If the DMV agrees to let him have his license back (an uncertainty considering the prior DWI and the violence of the 2nd), he’ll have to put (and pay for) an interlock in every car he has access to in his household.
He has a felony conviction, which makes certain job opportunities unavailable to him.
We understand he paid his lawyers $10,000. For two court appearances. Actually, he didn’t pay it: a family friend did. I assume he has to pay it back.
As part of the civil side of a DWI crash, your victims will find out a lot about you. We found out the driver who hit us had declared bankruptcy and had tens of thousands of dollars of outstanding debts. He didn’t have any assets.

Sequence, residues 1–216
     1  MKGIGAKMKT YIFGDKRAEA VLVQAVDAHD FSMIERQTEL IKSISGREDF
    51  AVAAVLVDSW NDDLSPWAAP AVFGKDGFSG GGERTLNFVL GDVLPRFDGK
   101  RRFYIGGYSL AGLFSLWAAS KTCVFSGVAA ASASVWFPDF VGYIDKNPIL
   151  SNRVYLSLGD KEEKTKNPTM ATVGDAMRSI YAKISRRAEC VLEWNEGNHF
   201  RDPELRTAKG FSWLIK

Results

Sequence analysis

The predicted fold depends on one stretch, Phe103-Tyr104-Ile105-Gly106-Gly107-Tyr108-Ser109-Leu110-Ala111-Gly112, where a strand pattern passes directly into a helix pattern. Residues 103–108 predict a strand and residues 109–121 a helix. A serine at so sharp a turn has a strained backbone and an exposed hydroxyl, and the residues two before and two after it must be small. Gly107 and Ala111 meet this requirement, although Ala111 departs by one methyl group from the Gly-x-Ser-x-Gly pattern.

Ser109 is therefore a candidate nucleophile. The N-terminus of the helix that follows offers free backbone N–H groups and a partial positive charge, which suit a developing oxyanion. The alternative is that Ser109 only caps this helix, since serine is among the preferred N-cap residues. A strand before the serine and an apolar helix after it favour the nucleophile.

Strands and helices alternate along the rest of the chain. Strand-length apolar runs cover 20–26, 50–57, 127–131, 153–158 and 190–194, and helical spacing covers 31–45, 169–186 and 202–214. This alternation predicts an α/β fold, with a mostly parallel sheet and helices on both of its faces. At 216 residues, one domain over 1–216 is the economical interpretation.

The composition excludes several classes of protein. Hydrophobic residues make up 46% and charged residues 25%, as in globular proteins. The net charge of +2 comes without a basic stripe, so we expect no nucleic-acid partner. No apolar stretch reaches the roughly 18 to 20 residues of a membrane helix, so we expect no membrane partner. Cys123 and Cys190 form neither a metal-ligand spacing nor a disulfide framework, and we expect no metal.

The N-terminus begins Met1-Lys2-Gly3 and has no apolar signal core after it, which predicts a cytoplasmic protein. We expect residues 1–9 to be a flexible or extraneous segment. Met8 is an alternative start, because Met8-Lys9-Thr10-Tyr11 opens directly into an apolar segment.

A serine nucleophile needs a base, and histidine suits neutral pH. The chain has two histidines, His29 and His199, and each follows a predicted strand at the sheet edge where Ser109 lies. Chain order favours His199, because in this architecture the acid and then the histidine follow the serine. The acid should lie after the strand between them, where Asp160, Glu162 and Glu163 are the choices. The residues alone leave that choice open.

You might want to think about that if you’ve had one DWI. The reason a victim’s lawyer looks into your assets is to see what can be recovered for the victim.
We were fortunate that the driver who hit us carried reasonable insurance coverage. It covered all our medical expenses. There are limits to the coverage, however. That largest number (bodily injury liability) is a policy limit: all victims split it. So, if you have $300,000 (which is common), that’s the max the insurance company will pay out to all victims, combined. If those victims obtain a judgement against you, the balance comes from your assets.
The penalties for DWI, especially for a DWI that doesn’t involve other victims, can seem harsh. To the victim, they seem laughable. Having been both, I understand the point: they are intended to deter drivers from repeat DWIs. In our part of the state, all DWI drivers have to attend driver responsibility training and a victim impact panel.